Blue-footed Boobies from the Galapagos


Latest news:

September 6, 2007: 


More info:


Science Fun

Fall 2007




SEYS 767.3                                                                                         Dr. JK Miller



CHAPTER 14 – TSSS – 8TH ed

CHAPTER 13 – 7th ed.


Instructions for performing a demo in a science class:

1. ALWAYS PRACTICE  DEMOS BEFOREHAND at least once!!!   Chemicals used in bio and chemistry have limited shelf lives.  Physics demos are notorious for not working. Time the demo. What will you do to avert “down-time?” 

2. Make sure it is visible by all students in the class, or change arrangement of students or place where you will do the demo.  Speak LOUDLY to be heard by all students.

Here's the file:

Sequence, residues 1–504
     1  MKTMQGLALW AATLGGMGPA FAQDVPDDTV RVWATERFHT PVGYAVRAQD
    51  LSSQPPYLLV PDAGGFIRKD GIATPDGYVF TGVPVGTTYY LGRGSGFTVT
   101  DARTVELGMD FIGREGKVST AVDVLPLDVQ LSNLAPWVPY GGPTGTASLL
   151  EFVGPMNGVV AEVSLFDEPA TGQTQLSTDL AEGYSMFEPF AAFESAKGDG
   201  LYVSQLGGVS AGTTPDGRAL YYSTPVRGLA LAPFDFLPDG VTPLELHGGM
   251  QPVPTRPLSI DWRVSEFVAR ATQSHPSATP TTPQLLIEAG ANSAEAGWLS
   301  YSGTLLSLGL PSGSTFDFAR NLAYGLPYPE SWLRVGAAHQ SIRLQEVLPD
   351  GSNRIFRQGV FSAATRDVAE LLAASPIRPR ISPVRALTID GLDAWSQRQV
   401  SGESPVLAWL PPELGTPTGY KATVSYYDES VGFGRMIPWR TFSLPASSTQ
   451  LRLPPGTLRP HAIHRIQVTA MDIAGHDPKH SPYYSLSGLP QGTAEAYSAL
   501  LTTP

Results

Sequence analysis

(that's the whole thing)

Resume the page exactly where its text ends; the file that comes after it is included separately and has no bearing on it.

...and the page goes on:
3.  Outline questions you will ask during the demo (using inquiry as an instructional approach).

4.  Plan how the demo will fit into the overall plans for your day’s lesson.  It should not be simply a “drop-in” for entertainment.

5.  Use the blackboard or any other visuals like an overhead to describe or further extend the concept shown through the demonstration. Plan ahead.

6.  Have students summarize (not you!) what the demo showed.  This may be done through guided questions.

Laboratory Work – Inquiry vs. dogmatic (as an investigative approach)

In the design or refinement of science experiments for your portfolio, you are expected to incorporate aspects of “uncookbooking” lab experiments (see William Leonard’s suggestions) and developing lab skills outlined in Categories of Skills.   As least one feature from each must be evident in the experiments you submit in the portfolio.

* Free or inexpensive sources materials:  Consult NSTA journals (Science Scope, The     Science Teacher) for sections that describe where these materials may be obtained.)